Joan Baez – Farewell Angelina – The Best Dylan Covers
“Farewell Angelina” is a song written by Bob Dylan in the mid-1960s, and recorded by Joan Baez.
Dylan attempted to record “Farewell Angelina” only once, during the first session for his 1965 album Bringing it All Back Home, and he abandoned all attempts to record the song again. Dylan’s one recording of the song was eventually issued in 1991 on The Bootleg Series Volumes 1–3 (Rare & Unreleased) 1961–1991.
Joan Baez included this song on her 1965 album Farewell Angelina. In the UK the song was issued at the same time as a single. Baez’s version, though only about half as long as Dylan’s recording, was very similar in structure and showed her moving away from pure folk music with the use of string bass accompaniment.
I love the “Appalachian feel” that Baez evokes in her interpretation.
Joan Baez – Farewell Angelina (audio, 1965):
The album, Farewell Angelina, represented a further shift from the strictly traditional folk music with which Baez had begun her career in that, for the first time, she included electric backup in the form of Bruce Langhorne’s electric guitar (which was nonetheless subtle). Additional musicians included Russ Savakus (bass) and Ralph Rinzler (mandolin). The album included four Bob Dylan tunes, including the title song and “A Hard Rain’s A-Gonna Fall”, as well as a German reading of “Where Have All the Flowers Gone”.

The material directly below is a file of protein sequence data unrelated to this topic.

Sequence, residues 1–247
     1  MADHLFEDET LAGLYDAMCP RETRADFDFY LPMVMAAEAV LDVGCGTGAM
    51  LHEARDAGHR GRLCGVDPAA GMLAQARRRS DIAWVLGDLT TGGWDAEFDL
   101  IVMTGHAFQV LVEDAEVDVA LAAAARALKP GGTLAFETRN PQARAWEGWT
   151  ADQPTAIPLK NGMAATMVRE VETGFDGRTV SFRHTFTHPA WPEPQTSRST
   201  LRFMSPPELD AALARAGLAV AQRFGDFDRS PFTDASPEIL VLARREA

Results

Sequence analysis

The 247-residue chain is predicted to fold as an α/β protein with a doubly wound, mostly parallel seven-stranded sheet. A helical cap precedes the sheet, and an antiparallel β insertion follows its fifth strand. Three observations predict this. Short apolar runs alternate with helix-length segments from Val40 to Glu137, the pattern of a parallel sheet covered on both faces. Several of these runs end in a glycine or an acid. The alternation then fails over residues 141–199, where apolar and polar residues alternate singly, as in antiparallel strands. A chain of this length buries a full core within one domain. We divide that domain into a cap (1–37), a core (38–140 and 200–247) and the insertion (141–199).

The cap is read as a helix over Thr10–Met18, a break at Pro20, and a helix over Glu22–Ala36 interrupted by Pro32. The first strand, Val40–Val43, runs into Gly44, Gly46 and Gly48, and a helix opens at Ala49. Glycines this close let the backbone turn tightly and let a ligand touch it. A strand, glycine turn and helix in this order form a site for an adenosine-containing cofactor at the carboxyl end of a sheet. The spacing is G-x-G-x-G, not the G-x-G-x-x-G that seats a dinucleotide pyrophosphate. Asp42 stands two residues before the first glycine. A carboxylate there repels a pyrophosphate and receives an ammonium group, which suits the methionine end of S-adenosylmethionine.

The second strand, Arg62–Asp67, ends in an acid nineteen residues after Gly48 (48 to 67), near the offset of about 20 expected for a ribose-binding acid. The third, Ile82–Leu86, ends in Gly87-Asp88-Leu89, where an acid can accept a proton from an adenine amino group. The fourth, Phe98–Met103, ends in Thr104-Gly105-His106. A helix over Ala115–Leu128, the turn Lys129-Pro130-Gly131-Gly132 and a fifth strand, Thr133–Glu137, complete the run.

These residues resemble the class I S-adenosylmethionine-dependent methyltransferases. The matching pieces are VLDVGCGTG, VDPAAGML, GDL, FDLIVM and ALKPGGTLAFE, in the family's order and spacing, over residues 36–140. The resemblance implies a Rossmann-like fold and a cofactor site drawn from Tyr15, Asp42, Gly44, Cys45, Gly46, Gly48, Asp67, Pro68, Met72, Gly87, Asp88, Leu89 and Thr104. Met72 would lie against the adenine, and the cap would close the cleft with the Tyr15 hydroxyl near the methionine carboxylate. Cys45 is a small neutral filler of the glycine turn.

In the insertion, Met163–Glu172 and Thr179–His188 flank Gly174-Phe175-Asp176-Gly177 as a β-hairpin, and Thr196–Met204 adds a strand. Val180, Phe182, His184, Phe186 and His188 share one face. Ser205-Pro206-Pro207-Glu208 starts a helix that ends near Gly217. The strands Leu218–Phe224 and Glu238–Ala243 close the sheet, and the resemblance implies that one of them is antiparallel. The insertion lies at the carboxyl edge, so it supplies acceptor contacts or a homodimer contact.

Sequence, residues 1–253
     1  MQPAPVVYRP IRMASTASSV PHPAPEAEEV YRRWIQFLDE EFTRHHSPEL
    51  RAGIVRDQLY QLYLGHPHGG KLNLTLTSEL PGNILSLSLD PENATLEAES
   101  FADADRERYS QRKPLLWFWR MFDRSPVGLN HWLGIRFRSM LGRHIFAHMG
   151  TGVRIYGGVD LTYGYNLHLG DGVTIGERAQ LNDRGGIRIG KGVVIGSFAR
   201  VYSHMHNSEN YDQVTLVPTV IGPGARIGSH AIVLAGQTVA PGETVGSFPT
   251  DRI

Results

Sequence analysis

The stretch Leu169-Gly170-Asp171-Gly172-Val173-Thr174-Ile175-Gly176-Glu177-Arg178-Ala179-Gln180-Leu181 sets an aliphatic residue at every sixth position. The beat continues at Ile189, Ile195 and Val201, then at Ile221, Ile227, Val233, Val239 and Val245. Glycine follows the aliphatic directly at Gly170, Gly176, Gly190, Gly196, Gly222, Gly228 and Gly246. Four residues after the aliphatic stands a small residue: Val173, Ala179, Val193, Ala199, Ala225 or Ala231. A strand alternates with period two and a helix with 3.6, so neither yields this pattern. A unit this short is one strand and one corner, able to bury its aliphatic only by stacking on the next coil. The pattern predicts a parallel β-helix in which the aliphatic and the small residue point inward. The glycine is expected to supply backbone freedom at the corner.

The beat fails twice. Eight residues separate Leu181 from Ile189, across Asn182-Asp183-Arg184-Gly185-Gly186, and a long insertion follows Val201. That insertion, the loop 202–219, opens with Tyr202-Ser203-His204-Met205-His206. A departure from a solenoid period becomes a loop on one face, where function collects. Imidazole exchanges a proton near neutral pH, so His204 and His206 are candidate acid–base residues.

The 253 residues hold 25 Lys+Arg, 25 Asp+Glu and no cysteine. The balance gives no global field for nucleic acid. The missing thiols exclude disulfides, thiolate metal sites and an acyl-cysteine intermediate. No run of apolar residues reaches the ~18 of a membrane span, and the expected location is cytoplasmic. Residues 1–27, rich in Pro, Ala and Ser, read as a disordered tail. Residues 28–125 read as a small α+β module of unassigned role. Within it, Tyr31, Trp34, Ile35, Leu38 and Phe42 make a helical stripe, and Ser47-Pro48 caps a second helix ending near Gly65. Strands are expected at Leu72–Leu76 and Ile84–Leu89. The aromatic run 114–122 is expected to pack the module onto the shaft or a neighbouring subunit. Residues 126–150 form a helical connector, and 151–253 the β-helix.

In the UK, Farewell Angelina, the song was issued as a single on Fontana Records.
The 2002 reissue of the album by Vanguard features three previously unreleased additional tracks from the Farewell, Angelina sessions: “One Too Many Mornings”, “Rock, Salt, And Nails”, and “The Water Is Wide”.
“…her sixth album is top-heavy with Bob Dylan songs, including the title track, which he never officially recorded — on that basis alone, it attracted a lot of attention from his fans — and her epic rendition of “A Hard Rain’s a-Gonna Fall,” which can stand up next to Dylan’s own for sheer, sustained power, and her falsetto-driven performance of “It’s All Over Now, Baby Blue” didn’t hurt in that department.”
– Bruce Eder (Allmusic)
Joan Baez – Farewell Angelina (Live 1966):
In more recent times “Farewell Angelina” has remained a continuous part of Joan Baez’ concert repertoire, being recorded twice for live albums during the 1980s.
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